Market research consultant ComRes has revealed that 61% of polled voters in Britain would be opposed to a poll on a referendum on a referendum on a second referendum of the United Kingdom leaving the EU in a poll that was taken just now, when you weren’t looking.
The results were published this morning as part of a second poll, after a first poll disclosed yesterday showed that 57% of Britons would be opposed to a second referendum, thus indicating that a fourth poll to discern whether there is support for a third poll is unlikely.
Further to yesterday’s revelations that most citizens believe that new Prime Minister Theresa May should continue without a general election being called, today’s second survey showed that 64.2% of British people think that Mrs May should not not be able to continue unchecked, while a significant 68.7% of voters support the cessation of polls.
ComRes’s second poll also revealed that 54.3% of British people wouldn’t trust a poll to paint a fence, 71.3% would holiday exclusively in the UK if it were any good, and only 28% vote the way they indicated they would in polls.
Despite the original ‘Brexit’ vote prompting a six million strong petition from remain voters to carry out a second referendum, Mrs May – who took over from a shifty looking David Cameron on 13th July – rejected the proposal, insisting: “Brexit means Brexit means Brexit means Brexit means Brexit means Brexit means Brexit means Brexit means Brexit means Brexit means Brexit. No.”
However, a preliminary survey from rival research consultancy group VoiceFind would suggest that the ComRes survey and Mrs May’s stubbornness are unfounded, as the company revealed that they had initiated a straw poll to discover results of a potential poll on a potential referendum on a potential referendum on a future second referendum on the EU question.
VoiceFind VP Clive St. Donald told The Daily Belter: “The results are pretty significant, and it certainly suggests that the ComRes survey is quite far off the mark in saying that people don’t support a second vote on the issue, as our data says they might well do, or be, or whatever.”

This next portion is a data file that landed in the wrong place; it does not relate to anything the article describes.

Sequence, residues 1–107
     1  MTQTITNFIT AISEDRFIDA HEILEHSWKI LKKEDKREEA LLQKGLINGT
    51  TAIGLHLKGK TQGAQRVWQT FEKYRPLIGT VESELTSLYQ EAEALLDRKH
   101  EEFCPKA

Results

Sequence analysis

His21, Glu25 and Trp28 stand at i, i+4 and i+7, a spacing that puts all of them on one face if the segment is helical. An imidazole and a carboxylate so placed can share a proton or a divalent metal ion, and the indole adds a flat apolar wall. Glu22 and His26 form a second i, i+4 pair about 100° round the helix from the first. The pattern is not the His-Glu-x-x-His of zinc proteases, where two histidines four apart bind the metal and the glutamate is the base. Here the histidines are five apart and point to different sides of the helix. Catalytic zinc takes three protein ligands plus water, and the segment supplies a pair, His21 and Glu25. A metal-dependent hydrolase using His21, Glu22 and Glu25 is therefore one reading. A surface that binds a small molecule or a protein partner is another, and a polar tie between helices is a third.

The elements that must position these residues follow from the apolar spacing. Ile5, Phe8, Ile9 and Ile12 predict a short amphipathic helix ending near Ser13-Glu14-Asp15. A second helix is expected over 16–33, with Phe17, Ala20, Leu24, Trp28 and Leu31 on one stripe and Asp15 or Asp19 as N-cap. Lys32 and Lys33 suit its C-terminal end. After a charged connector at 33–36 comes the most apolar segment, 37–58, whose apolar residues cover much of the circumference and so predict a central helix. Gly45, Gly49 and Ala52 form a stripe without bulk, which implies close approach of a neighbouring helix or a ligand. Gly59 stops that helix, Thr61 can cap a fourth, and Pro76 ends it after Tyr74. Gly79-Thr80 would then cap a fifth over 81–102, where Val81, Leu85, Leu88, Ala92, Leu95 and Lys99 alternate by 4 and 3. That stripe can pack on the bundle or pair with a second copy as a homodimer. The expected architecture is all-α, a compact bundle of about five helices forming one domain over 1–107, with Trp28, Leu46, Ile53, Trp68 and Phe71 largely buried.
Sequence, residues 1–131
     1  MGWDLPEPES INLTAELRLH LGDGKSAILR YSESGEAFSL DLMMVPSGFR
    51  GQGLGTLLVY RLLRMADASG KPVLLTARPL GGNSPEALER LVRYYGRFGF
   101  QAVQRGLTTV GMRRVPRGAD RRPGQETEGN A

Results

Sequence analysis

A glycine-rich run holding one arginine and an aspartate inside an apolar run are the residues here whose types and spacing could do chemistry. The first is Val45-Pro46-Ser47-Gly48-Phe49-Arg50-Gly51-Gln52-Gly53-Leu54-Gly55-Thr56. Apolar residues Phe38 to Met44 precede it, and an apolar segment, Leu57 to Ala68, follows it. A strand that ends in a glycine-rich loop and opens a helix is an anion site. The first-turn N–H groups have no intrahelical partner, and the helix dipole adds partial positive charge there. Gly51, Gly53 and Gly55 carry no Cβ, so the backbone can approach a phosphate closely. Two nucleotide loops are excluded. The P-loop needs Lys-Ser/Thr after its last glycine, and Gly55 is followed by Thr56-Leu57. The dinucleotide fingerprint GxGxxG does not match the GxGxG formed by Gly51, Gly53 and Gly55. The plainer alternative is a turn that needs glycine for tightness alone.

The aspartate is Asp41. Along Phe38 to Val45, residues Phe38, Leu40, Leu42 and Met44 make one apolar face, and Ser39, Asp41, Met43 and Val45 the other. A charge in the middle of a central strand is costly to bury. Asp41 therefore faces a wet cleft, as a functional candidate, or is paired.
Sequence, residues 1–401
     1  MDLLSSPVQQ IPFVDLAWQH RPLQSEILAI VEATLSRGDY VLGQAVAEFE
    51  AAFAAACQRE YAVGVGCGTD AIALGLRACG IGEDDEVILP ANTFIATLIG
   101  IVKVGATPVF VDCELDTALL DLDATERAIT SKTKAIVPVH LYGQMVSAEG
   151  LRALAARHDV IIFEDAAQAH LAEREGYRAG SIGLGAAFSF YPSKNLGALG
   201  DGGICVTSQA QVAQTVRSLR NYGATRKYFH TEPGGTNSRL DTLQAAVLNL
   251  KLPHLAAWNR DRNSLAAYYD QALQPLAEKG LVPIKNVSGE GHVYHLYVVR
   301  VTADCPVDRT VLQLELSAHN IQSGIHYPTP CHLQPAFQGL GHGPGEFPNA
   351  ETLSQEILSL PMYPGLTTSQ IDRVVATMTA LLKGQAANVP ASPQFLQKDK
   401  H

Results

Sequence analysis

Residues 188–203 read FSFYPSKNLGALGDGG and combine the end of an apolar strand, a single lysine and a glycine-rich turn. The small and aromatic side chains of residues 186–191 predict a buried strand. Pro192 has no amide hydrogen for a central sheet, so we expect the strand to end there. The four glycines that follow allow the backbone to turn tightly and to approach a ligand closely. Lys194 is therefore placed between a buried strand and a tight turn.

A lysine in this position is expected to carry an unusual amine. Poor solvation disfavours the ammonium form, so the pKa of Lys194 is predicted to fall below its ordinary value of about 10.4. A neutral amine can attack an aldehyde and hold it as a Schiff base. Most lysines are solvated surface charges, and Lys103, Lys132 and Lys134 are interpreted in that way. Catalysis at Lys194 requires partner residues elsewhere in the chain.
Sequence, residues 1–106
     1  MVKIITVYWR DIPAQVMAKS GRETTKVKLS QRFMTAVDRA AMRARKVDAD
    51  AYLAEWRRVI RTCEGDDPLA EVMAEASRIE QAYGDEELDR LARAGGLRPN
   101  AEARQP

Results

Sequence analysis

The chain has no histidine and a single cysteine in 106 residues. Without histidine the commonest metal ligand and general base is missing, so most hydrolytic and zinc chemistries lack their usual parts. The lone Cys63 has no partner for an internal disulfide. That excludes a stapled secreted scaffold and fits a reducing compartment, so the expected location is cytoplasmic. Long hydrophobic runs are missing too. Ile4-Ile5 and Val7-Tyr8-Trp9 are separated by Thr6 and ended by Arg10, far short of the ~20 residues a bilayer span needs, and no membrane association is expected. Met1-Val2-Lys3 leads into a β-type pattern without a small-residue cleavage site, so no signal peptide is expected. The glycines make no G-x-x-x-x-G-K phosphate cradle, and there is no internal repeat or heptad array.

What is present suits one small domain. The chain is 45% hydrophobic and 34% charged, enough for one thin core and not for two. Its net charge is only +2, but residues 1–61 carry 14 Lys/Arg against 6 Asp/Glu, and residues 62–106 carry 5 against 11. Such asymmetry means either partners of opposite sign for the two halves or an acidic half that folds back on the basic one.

She added: “From an early poll, we can see that as much as 65% of Britons polled would be in favour of a poll on a referendum on a referendum on the referendum on EU membership, and that in turn suggests they are in favour of voting for a referendum on a referendum on that third referendum, or would at least give it a ruddy good go.”
Ardent Brexiteer Boris Johnson, who was recently paddled and wedgied after his first speech as Foreign Secretary at the French embassy, dismissed the push for further referendums as “damp jiggerypokery”, and says Mrs May and her cabinet are concentrating on the future rather than the past, or the potential future of the past, or the past of the future.
Mr Johnson said: “Roffer paff, this is all, very much all, very this is all, just a silly nonsense and everything and everybody can see that it’s a lot of, croff, a lot of sour grapes, doesn’t help anyone now that the dang thing’s done and everything, we have to, we really have to move on, tiddlywink.”
ComRes spokesperson Rachel Lehcar waded in on this issue in light of VoiceFind’s claims to locating a second result pattern, defending his company’s data and insisting such discourse was inevitable.
He said: “Our survey was sound, and even if it wasn’t, it wouldn’t make any difference as far as the resultant chaos goes, there would still be people calling for a second poll on the first poll on the third referendum on the second referendum on the Brexit referendum, and to that we could just as easily conduct a fourth poll, then a fifth, until everybody bleeds from the eyes, ears and anus.”
Asked whether this could potentially disrupt democracy, Lehcar replied: “Open your eyes! This is the life we chose, the life we lead, and there is only one guarantee; none of us will see heaven.”
She refused to disclose whether ComRes would consider a poll on the second poll on the first poll on a referendum on a referendum on a second referendum, causing further confusion.